Hernia

A hernia is a bulge caused by a part of the inside of the body, such as the bowel, pushing through a weakness in the muscle or tissue wall. Most hernias do not need to be treated.

What is a hernia?

A hernia is a bulge caused by a part of the inside of the body, such as the bowel, pushing through a weakness in the muscle or tissue wall.

Usually, your muscles hold your bowel and other organs in place. But after surgery, the area around the operation scar or stoma may become weaker and a hernia can develop. Hernias are less common after keyhole surgery than after open surgery.

What are the symptoms of a hernia?

The main symptom of a hernia is often an ache or bulge in your tummy area (abdomen) or under the skin around a stoma (parastomal hernia). It may not be there all the time. You may notice it when you cough, sneeze or strain your tummy muscles. You may be able to push it back into place, or it may go away when you lie down.

Always see your doctor if you think you may have a hernia. Some people may worry that the swelling is linked to the cancer. Your doctor will examine you by feeling around the area. This will help them to find out what may be causing the bulge.

Sometimes, your doctor may arrange a CT scan or an ultrasound scan to give a picture of the hernia.

Sometimes a hernia can stop the blood supply to the tissue, or cause a blockage in the bowel. When this happens, the hernia needs to be treated as soon as possible.

You should call a doctor straight away if you have the following symptoms:

  • severe pain
  • vomiting
  • difficulty passing wind
  • difficulty emptying your bowels.

Reducing your risk of getting a hernia

You can reduce your risk of developing a hernia by:

It is important to get advice before you start becoming more active. Always check with your doctor if you are recovering from cancer treatment or surgery.

Your cancer doctor, GP or specialist nurse can tell you what type of exercise is most appropriate for you. You can also get support from a physiotherapist or an occupational therapist.

Treating a hernia

Most hernias do not need to be treated, especially if they are small and not causing any problems. Your doctor or nurse may advise you about lifestyle changes that could help, such as keeping to a healthy weight.

A hernia can also be treated with surgery. The surgeon usually uses a piece of mesh to repair the tissue wall. Your doctor can tell you if this is suitable for you. It is important to understand the benefits and risks before you decide.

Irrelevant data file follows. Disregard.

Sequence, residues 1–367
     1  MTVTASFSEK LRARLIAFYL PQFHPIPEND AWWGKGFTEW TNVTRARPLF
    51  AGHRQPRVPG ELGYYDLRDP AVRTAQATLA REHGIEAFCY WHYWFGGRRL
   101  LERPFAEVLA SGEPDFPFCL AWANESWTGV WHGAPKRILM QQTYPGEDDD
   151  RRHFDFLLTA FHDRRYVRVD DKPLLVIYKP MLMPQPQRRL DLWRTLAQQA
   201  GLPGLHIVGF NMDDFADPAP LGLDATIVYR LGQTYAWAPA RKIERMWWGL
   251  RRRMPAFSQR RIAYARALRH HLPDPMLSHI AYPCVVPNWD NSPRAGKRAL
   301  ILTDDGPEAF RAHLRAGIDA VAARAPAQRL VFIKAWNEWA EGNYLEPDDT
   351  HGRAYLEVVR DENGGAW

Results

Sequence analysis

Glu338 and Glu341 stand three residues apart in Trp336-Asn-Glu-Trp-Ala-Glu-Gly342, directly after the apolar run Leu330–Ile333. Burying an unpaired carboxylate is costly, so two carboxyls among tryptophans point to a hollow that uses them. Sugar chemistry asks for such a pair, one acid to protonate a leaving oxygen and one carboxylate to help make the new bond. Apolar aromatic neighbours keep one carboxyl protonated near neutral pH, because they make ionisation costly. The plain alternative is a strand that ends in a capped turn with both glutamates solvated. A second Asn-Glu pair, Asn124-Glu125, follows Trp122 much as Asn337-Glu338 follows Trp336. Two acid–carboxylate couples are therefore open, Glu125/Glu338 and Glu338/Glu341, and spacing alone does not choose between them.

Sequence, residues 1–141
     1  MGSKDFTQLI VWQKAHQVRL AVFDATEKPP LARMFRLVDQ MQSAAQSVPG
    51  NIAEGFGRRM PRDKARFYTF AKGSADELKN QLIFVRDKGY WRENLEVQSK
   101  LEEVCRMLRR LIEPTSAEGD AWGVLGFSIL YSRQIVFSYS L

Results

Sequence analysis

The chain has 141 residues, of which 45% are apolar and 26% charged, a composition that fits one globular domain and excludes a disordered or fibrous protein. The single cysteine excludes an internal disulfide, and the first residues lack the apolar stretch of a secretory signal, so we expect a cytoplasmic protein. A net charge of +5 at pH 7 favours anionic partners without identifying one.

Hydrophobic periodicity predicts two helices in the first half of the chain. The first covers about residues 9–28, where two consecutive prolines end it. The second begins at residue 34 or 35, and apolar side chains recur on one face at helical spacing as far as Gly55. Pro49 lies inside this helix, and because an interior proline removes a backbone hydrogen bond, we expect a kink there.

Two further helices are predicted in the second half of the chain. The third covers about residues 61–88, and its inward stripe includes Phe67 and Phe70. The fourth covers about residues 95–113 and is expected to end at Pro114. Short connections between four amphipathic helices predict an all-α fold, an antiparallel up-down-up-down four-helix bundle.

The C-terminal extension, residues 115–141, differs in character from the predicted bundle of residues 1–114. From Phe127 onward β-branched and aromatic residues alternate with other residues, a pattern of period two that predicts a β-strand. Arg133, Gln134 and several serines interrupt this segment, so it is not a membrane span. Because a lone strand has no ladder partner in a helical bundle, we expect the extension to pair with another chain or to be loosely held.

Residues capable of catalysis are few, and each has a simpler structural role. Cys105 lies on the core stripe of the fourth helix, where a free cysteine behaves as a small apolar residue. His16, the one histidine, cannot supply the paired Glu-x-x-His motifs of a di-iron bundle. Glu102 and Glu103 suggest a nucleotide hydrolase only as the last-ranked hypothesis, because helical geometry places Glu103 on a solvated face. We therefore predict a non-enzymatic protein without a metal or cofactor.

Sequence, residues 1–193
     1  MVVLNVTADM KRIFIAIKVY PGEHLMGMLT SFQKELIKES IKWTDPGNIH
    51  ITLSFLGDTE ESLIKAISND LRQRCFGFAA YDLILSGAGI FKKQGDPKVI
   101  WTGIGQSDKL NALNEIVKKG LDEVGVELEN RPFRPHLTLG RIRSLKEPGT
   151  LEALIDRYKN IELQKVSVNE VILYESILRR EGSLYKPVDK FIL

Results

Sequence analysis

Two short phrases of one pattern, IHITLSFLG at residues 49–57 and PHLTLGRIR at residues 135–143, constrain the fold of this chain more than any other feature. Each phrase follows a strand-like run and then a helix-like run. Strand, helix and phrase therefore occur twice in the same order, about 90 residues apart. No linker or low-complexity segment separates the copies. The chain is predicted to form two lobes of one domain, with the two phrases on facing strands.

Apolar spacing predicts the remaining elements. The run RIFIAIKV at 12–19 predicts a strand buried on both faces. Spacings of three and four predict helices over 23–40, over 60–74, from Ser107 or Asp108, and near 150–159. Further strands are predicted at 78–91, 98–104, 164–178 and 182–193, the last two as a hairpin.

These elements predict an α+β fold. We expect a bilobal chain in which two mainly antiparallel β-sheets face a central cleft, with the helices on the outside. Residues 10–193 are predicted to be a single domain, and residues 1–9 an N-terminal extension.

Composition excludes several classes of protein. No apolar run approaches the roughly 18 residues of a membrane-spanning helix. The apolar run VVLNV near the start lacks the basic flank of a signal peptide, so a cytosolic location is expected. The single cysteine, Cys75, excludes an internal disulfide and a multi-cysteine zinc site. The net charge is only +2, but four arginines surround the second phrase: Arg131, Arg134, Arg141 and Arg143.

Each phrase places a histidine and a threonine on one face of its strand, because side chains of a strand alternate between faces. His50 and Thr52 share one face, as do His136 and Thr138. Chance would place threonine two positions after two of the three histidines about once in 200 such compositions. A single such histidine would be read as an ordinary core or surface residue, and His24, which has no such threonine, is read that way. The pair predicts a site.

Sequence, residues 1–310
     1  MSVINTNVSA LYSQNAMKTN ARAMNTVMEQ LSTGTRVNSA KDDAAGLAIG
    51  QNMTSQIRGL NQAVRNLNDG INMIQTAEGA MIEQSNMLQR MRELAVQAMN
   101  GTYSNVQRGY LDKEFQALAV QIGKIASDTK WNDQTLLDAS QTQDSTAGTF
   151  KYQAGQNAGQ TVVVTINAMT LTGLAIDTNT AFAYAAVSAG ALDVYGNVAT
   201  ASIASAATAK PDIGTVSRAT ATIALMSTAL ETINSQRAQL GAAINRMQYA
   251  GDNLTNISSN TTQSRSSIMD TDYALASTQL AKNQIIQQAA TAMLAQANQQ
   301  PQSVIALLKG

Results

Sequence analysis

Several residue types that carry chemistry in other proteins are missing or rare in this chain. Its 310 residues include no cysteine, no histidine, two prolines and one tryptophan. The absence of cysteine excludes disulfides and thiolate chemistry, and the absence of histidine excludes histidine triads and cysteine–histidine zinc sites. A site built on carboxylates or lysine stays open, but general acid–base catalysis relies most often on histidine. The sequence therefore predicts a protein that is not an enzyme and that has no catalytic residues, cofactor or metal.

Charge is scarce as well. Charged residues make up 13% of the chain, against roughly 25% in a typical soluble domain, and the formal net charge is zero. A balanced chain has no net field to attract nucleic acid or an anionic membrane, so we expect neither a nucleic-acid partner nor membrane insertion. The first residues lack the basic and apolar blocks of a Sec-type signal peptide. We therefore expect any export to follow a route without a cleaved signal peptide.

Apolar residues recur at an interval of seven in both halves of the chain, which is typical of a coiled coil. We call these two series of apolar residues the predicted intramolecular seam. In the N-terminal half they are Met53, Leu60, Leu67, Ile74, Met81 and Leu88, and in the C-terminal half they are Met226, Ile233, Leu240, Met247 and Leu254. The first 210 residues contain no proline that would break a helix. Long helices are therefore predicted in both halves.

If an operation is not right for you, there are also specially designed hernia support garments you can wear. It is important that the size and fit are correct, so ask your doctor, specialist nurse or stoma care nurse for advice.

About our information

  • References

    Below is a sample of the sources used in our hernia information. If you would like more information about the sources we use, please contact us at cancerinformationteam@macmillan.org.uk

    National Institute for Health and Care Excellence (NICE). Laparoscopic surgery for inguinal hernia repair. Technology appraisal guidance (TA83). Published September 2004. Reviewed February 2016. Available from https://www.nice.org.uk/guidance/ta83 [accessed January 2021].  

    National Institute for Health and Care Excellence (NICE). Reinforcement of a permanent stoma with a synthetic or biological mesh to prevent a parastomal hernia. Interventional procedures guidance (IPG654). Published 26 June 2019. Available from: https://www.nice.org.uk/guidance/ipg654 [accessed January 2021].      


  • Reviewers

    This information has been written, revised and edited by Macmillan Cancer Support’s Cancer Information Development team. It has been reviewed by expert medical and health professionals and people living with cancer. It has been approved by Chief Medical Editor, Professor Tim Iveson, Consultant Medical Oncologist.

    Our cancer information has been awarded the PIF TICK. Created by the Patient Information Forum, this quality mark shows we meet PIF’s 10 criteria for trustworthy health information.